As an eighth grader enjoying the spoils of his father's employment in the basketball industry, Lucas was lounging comfortably around his Houston home. Workouts could wait. One day during the summer of 2003, though, John Lucas gave his son an ultimatum.
"I told him that he can either come to the gym for five to six hours or he can work at McDonald's," says John Lucas, the former NBA player and coach. "Basketball is our family business. It's what we do. If I were an accountant I would have had him doing numbers."
Having left Cleveland that January when his father was fired as the Cavaliers' head coach, the youngest Lucas son returned with his family to their native Houston. Already accustomed to moving since he lived in Philadelphia for three years while his father coached the 76ers, the Lucas family had returned to Jai's birthplace once before while Jai was in the fourth grade. Now rooted in his native city for good, the youngest Lucas was again amongst familiar faces to finish the eighth grade and then to enroll in Houston's Bellaire High.
"His father came up to me that May and asked if I thought Jai was good enough to play varsity next year as a freshman, and I said no at the time," Bellaire coach James Glover says. "Then in August he had Jai work out again, and he was ready."
Four years later, Jai Lucas, 18, is the prince of Bellaire. John Lucas III, Jai's older brother who was the starting point guard on Oklahoma State's 2004 Final Four team, is a reserve with the Houston Rockets. But it is the younger brother's game that is under the microscope these days. Having made a name for himself beyond his surname, the 5-foot-10, 155-pound floor general has outgrown the questions about his height and stature.
"People always say I'm small," Lucas says. "But I've found ways to counter that and silence them."
Going up against the local talent currently playing in the NBA and those who are retired or rehabilitating with his father, Jai Lucas has been running with the nation's best, from Sam Cassell and Cuttino Mobley to Daniel Ewing and T.J. Ford, at the legendary Fonde Recreation Center in downtown Houston.
"I take a lot of my game from T.J. Ford since he's a smaller guy but he's so fast," Lucas says. "That's how I figure I have to play."
It's not enough for his son to carry the family name in these workouts, though. Instead, the father has his son bear the extra burden of wearing a 40-pound vest while completing shooting and ball handling drills as well as playing in the five-on-five games as well.
"I used to hate it," Jai Lucas says. "Not only going up against the pros, but to also add that was tough. The NBA guys are always joking with me that I'm gonna retire by the time I'm 27."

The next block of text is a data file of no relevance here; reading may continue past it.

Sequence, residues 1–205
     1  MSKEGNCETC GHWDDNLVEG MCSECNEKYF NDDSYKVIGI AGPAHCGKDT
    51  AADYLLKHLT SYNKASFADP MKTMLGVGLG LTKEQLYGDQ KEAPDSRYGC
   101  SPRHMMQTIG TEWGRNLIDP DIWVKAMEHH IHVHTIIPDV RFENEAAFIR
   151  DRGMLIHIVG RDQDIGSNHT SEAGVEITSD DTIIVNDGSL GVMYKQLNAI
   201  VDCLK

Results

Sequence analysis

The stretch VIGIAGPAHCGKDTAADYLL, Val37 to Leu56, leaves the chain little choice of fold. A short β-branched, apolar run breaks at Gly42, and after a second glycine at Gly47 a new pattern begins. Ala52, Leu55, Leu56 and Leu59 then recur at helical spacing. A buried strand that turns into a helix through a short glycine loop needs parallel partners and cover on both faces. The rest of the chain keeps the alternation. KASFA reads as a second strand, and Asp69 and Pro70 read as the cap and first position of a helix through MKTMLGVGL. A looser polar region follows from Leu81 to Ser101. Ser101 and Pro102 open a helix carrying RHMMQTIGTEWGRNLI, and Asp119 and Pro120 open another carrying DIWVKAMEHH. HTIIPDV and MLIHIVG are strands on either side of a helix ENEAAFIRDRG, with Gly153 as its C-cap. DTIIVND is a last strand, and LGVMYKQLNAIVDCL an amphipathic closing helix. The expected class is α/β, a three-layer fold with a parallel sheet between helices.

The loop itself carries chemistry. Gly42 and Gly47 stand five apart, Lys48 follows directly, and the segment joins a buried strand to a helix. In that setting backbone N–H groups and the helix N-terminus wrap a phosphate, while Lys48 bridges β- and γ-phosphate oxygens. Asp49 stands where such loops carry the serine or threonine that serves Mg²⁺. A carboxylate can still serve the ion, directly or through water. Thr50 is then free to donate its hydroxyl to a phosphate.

Still, his father has seen how the professionals work, and he sees an opportunity for his youngest child to continue the family name. "I'm looking around in our own gym down here and seeing T.J., Damon Stoudamire, Daniel Ewing, Tywon Lawson," says John Lucas. "All these guys aren't big, but they're doing well for themselves. He's 5-10, and wears baggy uniforms. He's gotta prove that he can play bigger."
A weighted vest isn't the only part of the system. There are still 500 jump shots to make before school and 250 more when he returns home. Jai's improvement throughout his four years has been worth the weight. Lucas has made his name as a scorer for Bellaire where the points are more of a necessity, and as a playmaker on the Houston Hoops AAU team on the summer circuit, where the talent level is more complementary to his game.
"His brother John was more of a 'me' guy, but Jai is a natural point man with my favorite poem of 'We and Me'," John Lucas says. "He went out to the Big Time tournament in Vegas and his team won. He went to the Nike camp, and his team won won. He went to the NBA team camp and won that championship. He's a kid that scores but his calling is running a team."
While at the NBA camp at Virginia Commonwealth University in Richmond last summer, Lucas teamed up with Huntington (W.Va.) forward Patrick Patterson, another top senior who Lucas befriended along the recruiting trails of summer.
"We've talked about going to school together, but we keep that to the side," says Lucas, who took his visits to Kentucky, Oklahoma, Oklahoma State, and Maryland, his father's alma mater. "Everyone would want a big [forward] to show up with them as a guard.
"I liked all the places that I looked at," says the younger Lucas, whose cell phone vibrates every 10 minutes with college coaches text messaging him. "I saw Kentucky on Midnight Madness so that atmosphere was different than the others since they were all in practice mode and what not. Time is coming soon when I'll make my choice."
Playing with a sore left shoulder against Stephen F. Austin on Tuesday night, Lucas scored 25 points to lead Bellaire to their third consecutive District 20-5A regular season title. That was old hat for the Cardinals, though. It's getting past Kingwood (Texas) in the regional semifinal round that has tripped up Bellaire the last two years.
"We're trying to get past that this year," Lucas says.
Already selected to play in the Jordan Brand All American game at Madison Square Garden in April, Lucas knows the possibility of being named a McDonald's All American would be both an honor and a touch of irony.
"I don't even know what I would say to my dad, but the fact it is that it would be full circle," Jai says with a laugh.